Exclaim!'s Staff Picks for January 23, 2023: Little Simz, Jockstrap, Dream Unending

Photos (clockwise from top left): Little Simz by Karolina Wielocha, Dream Unending courtesy of the artist, Jockstrap by Eddie Whelan, Special Interest by Mathew Scott

BY Exclaim! StaffPublished Jan 23, 2023

Honey, we're home! 2022 was certainly a banner year for great music, and this year is already gearing up to be the same. But, after the year-end lists are done and dusted, there's a four-to-six-week state of limbo as the calendar changes over where we get to play catch-up. Out of this fruitful discovery period where everyone's reminiscing on the year's best projects, late-blooming favourites emerge — and we wanted to give them their flowers in the first 2023 edition of Exclaim!'s Staff Picks.

Check out our reviews section to stay up to date on the most exciting early-2023 releases. Next week, we'll also begin covering our faves of the year so far!

Dream Unending
Song of Salvation
(20 Buck Spin)

On their second album as Dream Unending in as many years, Tomb Mold's Derrick Vella and Justin DeTore of Innumerable Forms guide their spacious meld of death and doom metal to exhilarating new heights. As crushing as they remain, the duo take wing toward brighter horizons on Tide Turns Eternal follow-up Song of Salvation, spurred on by a solemn trumpet siren, clean vocals, gentle piano, and the strength of their guitars' crystalline clean tones and searing, exploratory leads.
Calum Slingerland

I Love You Jennifer B
(Rough Trade)

This is an instance where a long-yearned-for debut was well worth the wait — even if it took me a second to get around to listening to it. I Love You Jennifer B is reminiscent of a dry martini with a twist, as its Broadcast-recalling icy tones play around the warmth of album highlight "Glasgow." String sections flip to glitchy synths like it's nothing, making Jockstrap the latest masters of the bait-and-switch. 
Sydney Brasil

Little Simz

The queen of rap returned quietly in 2022 — and despite riding for her in 2021, Little Simz's latest album NO THANK YOU admittedly slipped under my radar last year. Following her Mercury Prize-winning Sometimes I Might Be Introvert was never going to be an easy feat, and the UK heavyweight decided to continue with her winning formula: dissecting the political and personal with her incisive bars, cutting through the bullshit society has become complacent to. Despite its expectedly dense subject matter, Simz's fifth studio album feels vibes-forward and could easily soundtrack anything from a family brunch to smoke-and-din club nights.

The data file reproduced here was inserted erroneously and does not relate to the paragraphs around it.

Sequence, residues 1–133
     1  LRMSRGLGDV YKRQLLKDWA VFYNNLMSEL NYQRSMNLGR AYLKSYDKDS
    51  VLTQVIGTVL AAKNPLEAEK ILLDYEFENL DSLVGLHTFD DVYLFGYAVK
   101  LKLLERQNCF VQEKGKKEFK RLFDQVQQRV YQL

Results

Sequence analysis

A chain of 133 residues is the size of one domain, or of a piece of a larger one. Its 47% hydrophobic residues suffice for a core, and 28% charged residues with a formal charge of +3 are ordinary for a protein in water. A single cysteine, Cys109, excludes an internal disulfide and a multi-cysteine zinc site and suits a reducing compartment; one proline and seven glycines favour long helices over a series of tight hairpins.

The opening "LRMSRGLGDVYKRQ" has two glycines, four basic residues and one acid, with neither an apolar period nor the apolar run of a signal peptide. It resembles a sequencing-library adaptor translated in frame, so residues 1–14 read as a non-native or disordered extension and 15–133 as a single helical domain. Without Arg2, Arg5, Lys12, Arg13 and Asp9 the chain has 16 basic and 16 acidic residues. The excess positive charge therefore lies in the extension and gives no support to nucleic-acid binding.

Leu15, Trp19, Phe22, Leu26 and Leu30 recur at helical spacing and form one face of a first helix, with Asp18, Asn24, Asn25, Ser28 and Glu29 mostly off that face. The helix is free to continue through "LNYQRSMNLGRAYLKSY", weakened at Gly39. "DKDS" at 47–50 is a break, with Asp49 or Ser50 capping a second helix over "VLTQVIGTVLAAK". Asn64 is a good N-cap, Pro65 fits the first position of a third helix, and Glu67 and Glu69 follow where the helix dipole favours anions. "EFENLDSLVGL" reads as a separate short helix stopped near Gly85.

Allie Gregory

Colette Lush
"im good"

In 2016, the American Idol judges were complimenting the unique vocal quality of Colette Lush after her audition. She's flown under the radar since, but on her November single "im good," the R&B singer's silky voice makes a welcome return. Strutting over punchy percussion and airy background vocals, she exudes a devil-may-care attitude fitting of a song about confidence. Lush hasn't released a full-length project since 2018's Seven-One, but has continued to release high-quality singles, her latest being this year's pensive "violet skies."
Ben Okazawa

Special Interest 
(Rough Trade)

Endure arrived toward the tail end of 2022, but its rage, lust and power still managed to feel definitive of the year that birthed it. Endure is all about conflict — between the body and the world, between hardness and softness, between groove and punishment. The third album from New Orleans' Special Interest careens between sinewy dance music and abrasive industrial punk, all tethered by the dangerously charismatic Alli Logout. From the hammering creep of "Turkish Radio" to the lo-fi disco of "Midnight Legend," Endure refuses to release the tension. 
Kaelen Bell

Two Shell
(Mainframe Audio)

British electronic duo Two Shell released their single "home" in January 2022, but it wasn't until nearly a year later that I got addicted to it. It's playful and bubbly like an underwater dance party, with twee robot singing and splishy-splashy percussion that sounds like that noise kids make by flicking their cheek. You know that one, like bloooop. The single's flipside, "no reply," has a bit more of a trip-hop bounce and is similarly fun.
Alex Hudson 

The Wesleys
Outside Voices
(Burnt Sugar)

This year, I once again had the pleasure of working on the editorial for our annual Class Of concert series — which introduced me to the Wesleys and immediately made me butthurt they were only on the bill for the Montreal show. My attention was captured right from the spangly, distortion-dipped opening arpeggio of "Find a Way," the first track of their aptly titled 2022 debut EP. There's an itchy urgency that demands high volume levels throughout, save a brief repose in the sigh of '60s Merseybeat-inspired "Wrong Side of Love."
Megan LaPierre

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